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Old 02-03-06, 08:17 PM   #1
laneman34
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Greetings

Hello, my name is Lane. I am 23, just graduated from the University of North Dakota, and am now living in Lawrence, KS. I am here to try to inspire myself to get back on the bike, and shed some poundage before I get married in Jan of '07. I am currently in the market for a new bike, but not sure what kind to buy, what questions to ask, and when the best time to buy is to get a good deal. I will be looking for any advice that I can get. Thank you for reading, and good day
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Old 02-03-06, 09:37 PM   #2
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Quote:
Originally Posted by laneman34
Hello, my name is Lane. I am 23, just graduated from the University of North Dakota, and am now living in Lawrence, KS. I am here to try to inspire myself to get back on the bike, and shed some poundage before I get married in Jan of '07. I am currently in the market for a new bike, but not sure what kind to buy, what questions to ask, and when the best time to buy is to get a good deal. I will be looking for any advice that I can get. Thank you for reading, and good day
Lane,

Welcome and you shouldn't have any problem getting advice. I'd suggest going entry level or even finding someplace that sells bikes on consignment until you either quit or become addicted and only if the later exists get a higher end bike.
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Old 02-04-06, 01:00 AM   #3
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Speaking as an old married man (34 years) Check to see if SHE is interested in cycling. If she is then it is either two bikes or a tandem. If two bikes divide money by 2 to get price of bike. If tandem well ride one before buying. A tandem can make or break a relationship even after marriage (better before ). I have a new friend. When he and she upgraded from K-mart class She got the first good bike. He went later. Too, Kansas is not flat, listen to the LBS people then get even lower gears. If she is not excited by cycling she may resent the time you spend cycling, my wife did when I thought of training for RAAM. Talk to her.
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Old 02-04-06, 12:21 PM   #4
laneman34
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Hey guys, thanks for the replies. What does LBS guys mean, I guess I don't know all the terms. Tandem biking would be fun, but I could see us fighting quite a bit. Back up in North Dakota where I am from this guy builta bicycle for 8 that fits his entire family and they do some amazing things.
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Old 02-04-06, 08:29 PM   #5
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Quote:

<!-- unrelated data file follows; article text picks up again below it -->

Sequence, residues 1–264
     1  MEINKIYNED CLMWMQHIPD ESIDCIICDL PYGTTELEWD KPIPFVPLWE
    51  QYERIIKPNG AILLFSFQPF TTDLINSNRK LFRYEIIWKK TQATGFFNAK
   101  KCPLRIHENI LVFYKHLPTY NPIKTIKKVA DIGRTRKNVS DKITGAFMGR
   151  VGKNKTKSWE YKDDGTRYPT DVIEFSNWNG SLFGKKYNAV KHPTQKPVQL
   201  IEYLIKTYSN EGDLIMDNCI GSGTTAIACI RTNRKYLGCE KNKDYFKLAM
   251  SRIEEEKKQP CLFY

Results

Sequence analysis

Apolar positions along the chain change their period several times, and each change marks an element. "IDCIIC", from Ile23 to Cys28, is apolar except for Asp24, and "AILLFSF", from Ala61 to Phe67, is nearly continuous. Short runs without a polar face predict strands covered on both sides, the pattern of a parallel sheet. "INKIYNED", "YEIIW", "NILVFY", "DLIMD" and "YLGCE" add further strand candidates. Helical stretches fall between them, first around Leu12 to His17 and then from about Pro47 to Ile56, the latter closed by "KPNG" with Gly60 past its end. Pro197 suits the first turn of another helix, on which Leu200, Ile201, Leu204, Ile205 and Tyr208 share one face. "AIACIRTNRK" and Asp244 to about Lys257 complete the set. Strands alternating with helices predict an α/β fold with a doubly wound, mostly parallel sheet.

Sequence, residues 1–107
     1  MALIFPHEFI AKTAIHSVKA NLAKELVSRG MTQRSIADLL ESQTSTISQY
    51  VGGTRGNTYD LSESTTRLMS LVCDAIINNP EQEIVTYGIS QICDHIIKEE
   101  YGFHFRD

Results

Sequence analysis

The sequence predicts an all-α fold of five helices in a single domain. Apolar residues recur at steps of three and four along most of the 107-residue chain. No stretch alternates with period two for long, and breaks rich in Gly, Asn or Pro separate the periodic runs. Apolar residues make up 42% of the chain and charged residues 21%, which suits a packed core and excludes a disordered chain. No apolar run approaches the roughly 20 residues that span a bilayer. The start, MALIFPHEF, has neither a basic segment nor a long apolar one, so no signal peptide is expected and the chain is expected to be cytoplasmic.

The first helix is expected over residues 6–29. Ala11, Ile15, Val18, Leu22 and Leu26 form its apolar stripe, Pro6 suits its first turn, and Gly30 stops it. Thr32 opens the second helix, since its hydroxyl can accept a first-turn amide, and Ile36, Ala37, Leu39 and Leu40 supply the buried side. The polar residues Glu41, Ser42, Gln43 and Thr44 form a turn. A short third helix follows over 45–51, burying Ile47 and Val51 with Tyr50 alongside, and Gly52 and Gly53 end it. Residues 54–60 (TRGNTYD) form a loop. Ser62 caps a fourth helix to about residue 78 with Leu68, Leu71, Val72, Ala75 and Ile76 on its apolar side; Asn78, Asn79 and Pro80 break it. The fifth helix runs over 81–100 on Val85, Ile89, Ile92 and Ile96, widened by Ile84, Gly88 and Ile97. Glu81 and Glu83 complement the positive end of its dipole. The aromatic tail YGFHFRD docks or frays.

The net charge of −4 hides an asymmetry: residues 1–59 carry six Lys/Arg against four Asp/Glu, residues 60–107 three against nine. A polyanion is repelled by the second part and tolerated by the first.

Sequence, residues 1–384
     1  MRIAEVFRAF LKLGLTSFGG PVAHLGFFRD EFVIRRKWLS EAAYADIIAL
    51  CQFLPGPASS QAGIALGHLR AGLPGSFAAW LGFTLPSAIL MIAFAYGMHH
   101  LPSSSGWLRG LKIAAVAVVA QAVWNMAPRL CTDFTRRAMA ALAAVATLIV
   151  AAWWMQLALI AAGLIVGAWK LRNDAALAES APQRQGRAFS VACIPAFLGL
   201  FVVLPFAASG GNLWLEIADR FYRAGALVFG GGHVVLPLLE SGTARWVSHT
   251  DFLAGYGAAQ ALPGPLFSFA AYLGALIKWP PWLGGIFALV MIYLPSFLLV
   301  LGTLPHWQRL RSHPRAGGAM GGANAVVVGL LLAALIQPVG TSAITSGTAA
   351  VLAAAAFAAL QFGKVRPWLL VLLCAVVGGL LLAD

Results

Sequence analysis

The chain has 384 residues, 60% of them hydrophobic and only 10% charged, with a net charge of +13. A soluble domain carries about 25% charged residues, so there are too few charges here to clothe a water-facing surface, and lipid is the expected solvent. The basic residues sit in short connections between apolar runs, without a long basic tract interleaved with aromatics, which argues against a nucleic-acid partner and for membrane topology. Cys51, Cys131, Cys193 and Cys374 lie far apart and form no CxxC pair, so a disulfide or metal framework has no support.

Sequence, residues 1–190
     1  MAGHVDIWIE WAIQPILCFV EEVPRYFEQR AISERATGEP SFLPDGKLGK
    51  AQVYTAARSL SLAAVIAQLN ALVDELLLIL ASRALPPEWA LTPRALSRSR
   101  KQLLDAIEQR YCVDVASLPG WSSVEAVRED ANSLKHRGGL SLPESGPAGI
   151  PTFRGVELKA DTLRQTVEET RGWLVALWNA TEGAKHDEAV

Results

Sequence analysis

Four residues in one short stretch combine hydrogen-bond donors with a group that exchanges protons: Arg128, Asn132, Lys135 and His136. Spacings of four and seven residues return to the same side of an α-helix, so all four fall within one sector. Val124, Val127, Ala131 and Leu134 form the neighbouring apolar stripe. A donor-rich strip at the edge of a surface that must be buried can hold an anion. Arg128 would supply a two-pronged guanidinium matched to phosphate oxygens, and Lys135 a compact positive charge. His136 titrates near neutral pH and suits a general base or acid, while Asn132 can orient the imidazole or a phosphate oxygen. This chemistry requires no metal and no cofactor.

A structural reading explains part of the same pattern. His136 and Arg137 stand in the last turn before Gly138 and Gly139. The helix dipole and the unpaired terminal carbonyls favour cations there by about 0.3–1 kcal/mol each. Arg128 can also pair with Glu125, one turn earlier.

Originally Posted by laneman34
Hey guys, thanks for the replies. What does LBS guys mean, I guess I don't know all the terms. Tandem biking would be fun, but I could see us fighting quite a bit. Back up in North Dakota where I am from this guy builta bicycle for 8 that fits his entire family and they do some amazing things.
Local Bike Shop

I wouldn't worry about a tandem or even if she rides. My wife doesn't ride [into scrapbooking and cloth/fiber type hobbies] but she's very supportive of my hobby as I am with hers. It's all about mutual respect. (Note: a tandem would be fun for leisure rides but it's usefulness would be limited unless she wants to ride a lot - and they're not cheap).
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Old 02-05-06, 08:25 AM   #6
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Welcome to Bike Forums.


Quote:
Originally Posted by laneman34
I am currently in the market for a new bike, but not sure what kind to buy, what questions to ask, and when the best time to buy is to get a good deal.
NOW is the best time to buy. Sales are slow during the winter months and shops will be pushing the new models this spring.
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The LORD is merciful and gracious, slow to anger, and plenteous in mercy. - Psalm 103:8
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Old 02-05-06, 12:21 PM   #7
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Hi Lane,
You have a great name--there are Lanes in my family. Riding is great, but I'm really not a fan of tandems, personally. My husband doesn't ride, but we both kayak, and the double kayaks are just no fun because I want to go over there and he wants to go over here...plus the person in the back (bike or kayak) can't see as much. But each couple is different. Have fun, and congratulations on the upcoming marriage.
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Old 02-06-06, 12:48 AM   #8
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Hi Lane,